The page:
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The Late Movies: Dogs Welcoming Home Soldiers

I can't begin to imagine how hard it would be to leave my family for months at a time, especially if my destination were Iraq or Afghanistan. And I don't know how I could deal with my wife being deployed overseas. These reunion videos—for me, at least—shed a tiny beam of light on how emotionally draining being a military family can be. They'll also make you want a dog. To commemorate Veterans Day, here are some overjoyed dogs greeting returning soldiers.

In our first clip, Gracie welcomes her dad, who has returned from Afghanistan.

I'm not sure I've ever heard anything make a sound quite like this. How great are dogs?

We've posted this incredible clip before—dogs greeting a soldier after 14 months in Iraq. Worth watching again.

Basset hound Reggie welcomes his best friend home from Afghanistan.

Rocky gives his favorite soldier the welcome home he deserves.

From the YouTube description: "Soldier daddy comes home after a month of training, and the pups go ballistic!"

This boxer was cautious at first, but that caution was quickly replaced by excessive jubilation.

Dachshunds Franklin and Sally give a vocal welcome to their dad, a U.S. Navy man returning from an eight-month deployment to Kuwait. (According to the YouTube description, Franklin and Sally are both rescue dogs. If this video has put you in a dachshund-adopting mood, contact Southern States Dachshund Rescue at ssdr.org or Dachshund Rescue of North America at drna.org.)

This soldier is attacked (and nearly hurdled) by his pups.
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On this Veterans Day eve, here's hoping all our men and women serving overseas get to come home soon. And when they do, I hope they all get equally enthusiastic greetings—from dogs and cats, sons and daughters, significant others, parents, neighbors, friends, and grateful strangers.

Thank you for your service. Get home safe. Your puppies need you.

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26 Facts About LEGO Bricks

Since it first added plastic, interlocking bricks to its lineup, the Danish toy company LEGO (from the words Leg Godt for “play well”) has inspired builders of all ages to bring their most imaginative designs to life. Sets have ranged in size from scenes that can be assembled in a few minutes to 5000-piece behemoths depicting famous landmarks. And tinkerers aren’t limited to the sets they find in stores. One of the largest LEGO creations was a life-sized home in the UK that required 3.2 million tiny bricks to construct.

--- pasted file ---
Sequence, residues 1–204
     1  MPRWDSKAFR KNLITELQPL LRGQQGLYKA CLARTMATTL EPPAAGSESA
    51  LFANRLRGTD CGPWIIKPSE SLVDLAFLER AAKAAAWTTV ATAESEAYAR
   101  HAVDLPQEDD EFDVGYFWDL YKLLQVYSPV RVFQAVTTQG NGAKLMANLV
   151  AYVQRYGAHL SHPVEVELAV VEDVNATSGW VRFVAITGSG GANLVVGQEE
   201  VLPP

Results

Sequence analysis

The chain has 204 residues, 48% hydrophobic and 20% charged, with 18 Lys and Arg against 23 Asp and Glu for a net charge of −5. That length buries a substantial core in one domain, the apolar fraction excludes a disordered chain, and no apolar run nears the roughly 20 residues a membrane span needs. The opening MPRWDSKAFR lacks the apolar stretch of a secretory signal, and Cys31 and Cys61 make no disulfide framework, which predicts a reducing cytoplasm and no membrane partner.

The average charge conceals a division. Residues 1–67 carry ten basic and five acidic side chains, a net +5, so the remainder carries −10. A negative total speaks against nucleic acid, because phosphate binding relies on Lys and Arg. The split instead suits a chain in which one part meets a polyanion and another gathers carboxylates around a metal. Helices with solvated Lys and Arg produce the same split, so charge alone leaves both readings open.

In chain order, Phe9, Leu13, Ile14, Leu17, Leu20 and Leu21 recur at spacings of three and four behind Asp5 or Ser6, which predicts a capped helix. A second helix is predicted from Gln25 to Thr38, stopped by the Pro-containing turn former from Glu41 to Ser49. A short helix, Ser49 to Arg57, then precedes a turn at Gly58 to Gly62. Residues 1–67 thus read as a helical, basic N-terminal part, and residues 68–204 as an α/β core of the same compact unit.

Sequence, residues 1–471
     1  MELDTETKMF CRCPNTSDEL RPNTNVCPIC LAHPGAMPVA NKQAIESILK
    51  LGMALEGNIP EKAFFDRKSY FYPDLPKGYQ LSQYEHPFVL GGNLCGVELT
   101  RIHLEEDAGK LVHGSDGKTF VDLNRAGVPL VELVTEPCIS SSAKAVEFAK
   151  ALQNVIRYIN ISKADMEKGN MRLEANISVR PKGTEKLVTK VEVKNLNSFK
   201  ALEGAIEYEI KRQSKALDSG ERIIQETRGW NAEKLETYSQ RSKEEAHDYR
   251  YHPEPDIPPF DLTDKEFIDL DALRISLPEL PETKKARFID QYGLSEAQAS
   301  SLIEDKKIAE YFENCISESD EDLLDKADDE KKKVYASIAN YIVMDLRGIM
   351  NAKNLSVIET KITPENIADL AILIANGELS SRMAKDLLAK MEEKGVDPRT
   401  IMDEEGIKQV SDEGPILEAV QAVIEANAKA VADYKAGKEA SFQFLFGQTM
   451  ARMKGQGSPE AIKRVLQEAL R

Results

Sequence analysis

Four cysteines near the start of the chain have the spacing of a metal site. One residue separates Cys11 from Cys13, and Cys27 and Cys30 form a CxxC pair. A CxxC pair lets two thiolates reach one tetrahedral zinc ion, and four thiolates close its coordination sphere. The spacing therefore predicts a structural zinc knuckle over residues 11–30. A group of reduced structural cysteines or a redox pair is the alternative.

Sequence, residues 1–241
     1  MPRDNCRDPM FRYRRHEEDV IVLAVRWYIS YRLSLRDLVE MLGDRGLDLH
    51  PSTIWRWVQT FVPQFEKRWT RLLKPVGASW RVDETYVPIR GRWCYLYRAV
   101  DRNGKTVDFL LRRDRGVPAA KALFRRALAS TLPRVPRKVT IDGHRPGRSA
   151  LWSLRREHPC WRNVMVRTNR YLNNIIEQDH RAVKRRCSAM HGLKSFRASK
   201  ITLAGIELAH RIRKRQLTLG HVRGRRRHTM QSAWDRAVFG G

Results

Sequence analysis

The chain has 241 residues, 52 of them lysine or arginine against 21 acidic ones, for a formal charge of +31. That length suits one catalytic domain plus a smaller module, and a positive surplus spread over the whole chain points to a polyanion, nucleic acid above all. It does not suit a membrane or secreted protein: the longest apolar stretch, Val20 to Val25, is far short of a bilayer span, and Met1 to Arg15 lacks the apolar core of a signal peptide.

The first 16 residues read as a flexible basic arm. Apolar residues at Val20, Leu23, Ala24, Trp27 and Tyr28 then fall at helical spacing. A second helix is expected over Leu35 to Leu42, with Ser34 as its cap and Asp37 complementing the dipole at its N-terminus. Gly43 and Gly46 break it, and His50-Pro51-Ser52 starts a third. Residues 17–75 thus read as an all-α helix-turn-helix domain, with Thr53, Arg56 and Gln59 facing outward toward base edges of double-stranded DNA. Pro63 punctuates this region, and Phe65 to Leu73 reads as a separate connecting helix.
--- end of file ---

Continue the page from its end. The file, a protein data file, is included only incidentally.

In this episode of the List Show, John Green lays out 26 playful facts about one of the world’s most beloved toy brands. To hear about the LEGO black market, the vault containing every LEGO set ever released, and more, check out the video above then subscribe to our YouTube channel to stay up-to-date with the latest flossy content.

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Of Buckeyes and Butternuts: 29 States With Weird Nicknames for Their Residents
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Tracing a word’s origin and evolution can yield fascinating historical insights—and the weird nicknames used in some states to describe their residents are no exception. In the Mental Floss video above, host John Green explains the probable etymologies of 29 monikers that describe inhabitants of certain states across the country.

Some of these nicknames, like “Hoosiers” and “Arkies” (which denote residents of Indiana and Arkansas, respectively) may have slightly offensive connotations, while others—including "Buckeyes," "Jayhawks," "Butternuts," and "Tar Heels"—evoke the military histories of Ohio, Kansas, Tennessee, and North Carolina. And a few, like “Muskrats” and “Sourdoughs,” are even inspired by early foods eaten in Delaware and Alaska. ("Goober-grabber" sounds goofier, but it at least refers to peanuts, which are a common crop in Georgia, as well as North Carolina and Arkansas.)

Learn more fascinating facts about states' nicknames for their residents by watching the video above.

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